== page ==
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Dec 5 2017

Christmas is Coming Early

The second Friday of December means one thing to the fine people who work day in and day out within our brewery walls: Our annual holiday party. There have been mariachi bands. There have been fire dancers. There have been freak shows. There's even been a guy who let us staple money to his bare body. (The larger the denomination, the larger the area of choice...if you catch our drift.)

The entertainment always changes, but one thing remains the same. Our brewmaster and genius team of brewers unleash beers that have flown under the radar until that fateful Friday. Experimental ingredients, never-before-used yeast strains, extreme aging -- nothing is off limits. 

We keep these beers to ourselves, putting them on tap for one night and one night only. But this year, we're sharing the wealth. This Saturday, we're releasing a Flander's Red, a Foeder-Aged Orchard Ale (a collaboration with Distillery Lane Ciderworks), an experimental Chestnut Ale and a Smoked Sour Wheat during what aptly dubbed Brewmaster's Christmas. 

Allow the man himself, our Brewmaster Ben Clark, to explain:

Flander’s Red 5.8% ABV
What is the history of Flander’s Red? It's a Belgian red/brown ale that is aged in barrels or foeders for extended periods, 6 months to 2 years or so, and often blended with younger versions of itself to make up for a lack of body, as the bacteria and yeast consume almost all sugars in the wort, leaving a thin, dry beer. The specific blend of yeast and bacteria is important, and the profile can be influenced by the balance of these organisms.

How long has ours been in the Foeder? Around 2 years

What happens to the flavor as it ages? Acetic acid notes increase (vinegar flavor) and beer dries out. The acids produced create a complexity that help add character where the lack of body (from long aging/sugar reduction) leaves a gap. The best Flander's are dry and complex.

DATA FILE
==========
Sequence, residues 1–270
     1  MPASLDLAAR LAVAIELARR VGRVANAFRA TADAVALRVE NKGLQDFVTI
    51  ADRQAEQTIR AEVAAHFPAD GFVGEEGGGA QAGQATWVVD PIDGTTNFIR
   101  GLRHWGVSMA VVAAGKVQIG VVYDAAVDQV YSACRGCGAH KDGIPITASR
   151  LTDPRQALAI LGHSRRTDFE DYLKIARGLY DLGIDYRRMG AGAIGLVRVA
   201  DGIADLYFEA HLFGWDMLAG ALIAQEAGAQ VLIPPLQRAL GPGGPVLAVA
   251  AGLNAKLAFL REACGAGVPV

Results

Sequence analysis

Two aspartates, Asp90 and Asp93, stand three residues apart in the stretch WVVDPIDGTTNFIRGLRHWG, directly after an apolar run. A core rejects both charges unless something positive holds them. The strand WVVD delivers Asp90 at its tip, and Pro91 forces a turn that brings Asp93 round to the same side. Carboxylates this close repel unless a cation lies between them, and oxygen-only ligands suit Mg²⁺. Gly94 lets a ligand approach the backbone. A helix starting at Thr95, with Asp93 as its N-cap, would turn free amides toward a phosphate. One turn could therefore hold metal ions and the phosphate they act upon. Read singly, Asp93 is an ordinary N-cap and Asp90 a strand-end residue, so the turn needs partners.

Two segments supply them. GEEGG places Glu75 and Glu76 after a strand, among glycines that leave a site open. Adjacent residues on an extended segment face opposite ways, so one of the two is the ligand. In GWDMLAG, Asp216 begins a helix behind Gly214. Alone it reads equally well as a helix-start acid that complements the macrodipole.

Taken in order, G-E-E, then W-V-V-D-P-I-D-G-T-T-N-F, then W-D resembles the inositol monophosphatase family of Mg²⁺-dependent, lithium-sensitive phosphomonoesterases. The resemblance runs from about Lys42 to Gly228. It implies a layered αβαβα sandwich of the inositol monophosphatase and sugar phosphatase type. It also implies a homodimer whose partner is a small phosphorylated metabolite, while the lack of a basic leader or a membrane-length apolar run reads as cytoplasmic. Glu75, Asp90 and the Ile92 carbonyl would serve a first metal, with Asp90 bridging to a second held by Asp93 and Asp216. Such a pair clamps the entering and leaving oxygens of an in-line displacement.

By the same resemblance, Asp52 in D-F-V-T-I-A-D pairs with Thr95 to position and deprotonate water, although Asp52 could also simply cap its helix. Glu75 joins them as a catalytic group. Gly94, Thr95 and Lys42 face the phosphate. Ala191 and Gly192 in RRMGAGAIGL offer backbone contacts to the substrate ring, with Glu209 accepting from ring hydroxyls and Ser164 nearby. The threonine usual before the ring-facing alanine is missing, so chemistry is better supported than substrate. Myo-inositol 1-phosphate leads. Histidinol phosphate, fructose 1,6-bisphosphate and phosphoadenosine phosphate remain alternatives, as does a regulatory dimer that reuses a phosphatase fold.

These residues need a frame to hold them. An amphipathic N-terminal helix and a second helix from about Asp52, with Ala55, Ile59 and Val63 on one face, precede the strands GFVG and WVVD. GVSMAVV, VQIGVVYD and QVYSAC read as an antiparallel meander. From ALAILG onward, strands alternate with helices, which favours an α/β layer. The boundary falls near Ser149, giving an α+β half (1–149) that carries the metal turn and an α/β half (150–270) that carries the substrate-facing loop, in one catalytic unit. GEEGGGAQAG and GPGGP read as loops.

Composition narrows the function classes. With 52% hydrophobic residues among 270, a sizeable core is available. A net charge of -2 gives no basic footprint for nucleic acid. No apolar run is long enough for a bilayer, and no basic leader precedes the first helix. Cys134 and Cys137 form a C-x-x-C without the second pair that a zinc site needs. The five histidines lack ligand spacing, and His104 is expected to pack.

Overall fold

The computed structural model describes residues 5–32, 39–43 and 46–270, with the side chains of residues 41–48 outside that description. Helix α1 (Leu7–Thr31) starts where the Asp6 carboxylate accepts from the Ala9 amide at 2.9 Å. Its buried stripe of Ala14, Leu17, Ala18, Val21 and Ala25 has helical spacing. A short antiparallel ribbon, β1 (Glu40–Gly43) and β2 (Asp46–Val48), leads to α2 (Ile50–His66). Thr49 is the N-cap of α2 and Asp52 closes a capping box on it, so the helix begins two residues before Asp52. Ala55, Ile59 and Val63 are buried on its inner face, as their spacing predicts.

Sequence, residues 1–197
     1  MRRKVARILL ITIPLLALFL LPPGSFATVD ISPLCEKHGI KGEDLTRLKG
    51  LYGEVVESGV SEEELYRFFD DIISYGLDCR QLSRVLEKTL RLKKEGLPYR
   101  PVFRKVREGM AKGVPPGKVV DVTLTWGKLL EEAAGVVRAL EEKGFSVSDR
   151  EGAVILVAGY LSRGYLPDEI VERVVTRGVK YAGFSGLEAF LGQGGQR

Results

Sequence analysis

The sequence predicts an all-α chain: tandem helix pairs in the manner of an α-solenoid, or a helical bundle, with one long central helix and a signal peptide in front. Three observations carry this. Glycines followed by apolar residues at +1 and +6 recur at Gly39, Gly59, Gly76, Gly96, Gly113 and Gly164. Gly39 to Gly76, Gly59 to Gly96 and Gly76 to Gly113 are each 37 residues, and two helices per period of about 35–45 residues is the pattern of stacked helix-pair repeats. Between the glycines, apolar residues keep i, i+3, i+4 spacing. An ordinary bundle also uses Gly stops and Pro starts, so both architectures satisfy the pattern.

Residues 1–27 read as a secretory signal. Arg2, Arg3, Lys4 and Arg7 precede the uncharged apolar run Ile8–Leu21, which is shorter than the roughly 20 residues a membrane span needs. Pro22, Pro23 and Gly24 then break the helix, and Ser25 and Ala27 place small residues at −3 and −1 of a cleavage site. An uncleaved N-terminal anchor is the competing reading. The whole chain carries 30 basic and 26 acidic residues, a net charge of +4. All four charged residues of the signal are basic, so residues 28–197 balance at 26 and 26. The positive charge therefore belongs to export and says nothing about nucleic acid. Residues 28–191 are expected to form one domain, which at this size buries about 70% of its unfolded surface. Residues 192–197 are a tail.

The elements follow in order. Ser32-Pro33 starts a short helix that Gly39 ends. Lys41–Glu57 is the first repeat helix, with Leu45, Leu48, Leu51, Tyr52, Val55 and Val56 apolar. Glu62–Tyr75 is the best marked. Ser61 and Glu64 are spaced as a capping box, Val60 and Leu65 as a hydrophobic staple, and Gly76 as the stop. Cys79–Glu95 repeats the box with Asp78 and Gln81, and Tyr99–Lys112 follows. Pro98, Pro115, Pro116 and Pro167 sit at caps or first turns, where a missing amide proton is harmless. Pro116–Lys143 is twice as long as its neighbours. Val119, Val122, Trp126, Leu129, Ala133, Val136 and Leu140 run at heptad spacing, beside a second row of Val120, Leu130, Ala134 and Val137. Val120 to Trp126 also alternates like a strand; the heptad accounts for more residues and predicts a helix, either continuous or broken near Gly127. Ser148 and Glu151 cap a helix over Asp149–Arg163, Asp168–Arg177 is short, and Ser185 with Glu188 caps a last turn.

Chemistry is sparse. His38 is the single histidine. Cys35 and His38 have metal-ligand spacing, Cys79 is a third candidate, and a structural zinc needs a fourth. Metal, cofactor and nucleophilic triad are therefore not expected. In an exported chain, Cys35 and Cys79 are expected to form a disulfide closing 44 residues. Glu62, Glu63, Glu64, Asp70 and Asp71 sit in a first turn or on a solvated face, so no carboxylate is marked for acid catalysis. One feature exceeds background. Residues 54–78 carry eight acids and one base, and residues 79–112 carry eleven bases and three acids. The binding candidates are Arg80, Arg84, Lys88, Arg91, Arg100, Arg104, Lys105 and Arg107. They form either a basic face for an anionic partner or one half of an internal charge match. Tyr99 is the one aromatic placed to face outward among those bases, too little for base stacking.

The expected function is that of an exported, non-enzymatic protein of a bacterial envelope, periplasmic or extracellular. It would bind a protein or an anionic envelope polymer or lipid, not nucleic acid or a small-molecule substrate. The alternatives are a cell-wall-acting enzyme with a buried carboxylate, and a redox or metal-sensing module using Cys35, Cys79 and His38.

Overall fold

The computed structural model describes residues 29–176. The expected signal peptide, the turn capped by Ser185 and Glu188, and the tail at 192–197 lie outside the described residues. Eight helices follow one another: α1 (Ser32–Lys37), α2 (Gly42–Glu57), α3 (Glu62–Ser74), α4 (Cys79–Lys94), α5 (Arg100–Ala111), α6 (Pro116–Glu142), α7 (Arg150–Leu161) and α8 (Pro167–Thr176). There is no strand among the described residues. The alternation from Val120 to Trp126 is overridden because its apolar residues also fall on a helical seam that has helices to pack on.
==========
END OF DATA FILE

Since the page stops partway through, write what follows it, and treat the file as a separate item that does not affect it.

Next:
What should be expect from our release? Subtle notes of acetic acid with hints of dark fruit and cherry and a dry finish.

Foeder-Aged Orchard Ale 8.5%
What is a foeder and what does it do to beer? A foeder is a wooden vessel utilized to age beer long-term. It allows a slow uptake of O2, which acts as an inoculation source as the wood holds the yeast and/or bacteria in the vessel. When it's refilled or topped off, the resulting beer is very similar to the previous version.

How are we incorporating the cider into our beer? It is added at start of fermentation and comprises 50 percent of the actual beer.

Ciders are also becoming very popular – why Distillery Lane? We have had a long-time working relationship with DLC, and we love their focus on traditional English cider varieties grown locally.

Flavor profile? Apples, phenolics, barnyard notes. The younger it is consumed, the more apple character and sweetness/roundness should be expected.

Does this beer age well? Absolutely. A pronounced barnyard character will develop, and beer will dry out over time.

Chestnut Ale, 6.6% ABV
How did this concept come about? It's a local partnership with a teacher in West Virginia who has a chestnut grove on his property and happened to reach out.

Why did we decide to give chestnuts a try? It was our first time really diving into using a product like this in a beer. It seemed interesting on the surface, and after some research we found it was a common malt substitute for individuals with gluten allergies. They have a surprisingly similar flavor to base malt.

Compared to other ingredients, what percentage of chestnuts are we using? 5%
This is our second year brewing this beer. What are we finding chestnuts do most – flavor, aroma, texture? They add a subtle flavor, mild buttery sweetness added to palette.

What should we expect flavor wise from this year's release? This beer will be more dominated by the fruits added, plums and black currants. You will get dark fruit notes alongside sweeter and fuller body in part from the chestnuts.

Smoked Sour Wheat, 5.6%
How was this brewed? We used a kettle souring process. 

Special ingredients? We used a beechwood smoked malt from Copper Fox, a distillery and maltster in southwest Virginia.

Flavor profile? Slight smoke both in the nose and finish. A distinct tartness combined with prominent hop character (all coming from Simcoe). Believe me when I say it is surprisingly refreshing, despite so many things going on. It all works really well together.

All four will be on tap in our tasting room starting at noon this Saturday. You can thank us then for sharing.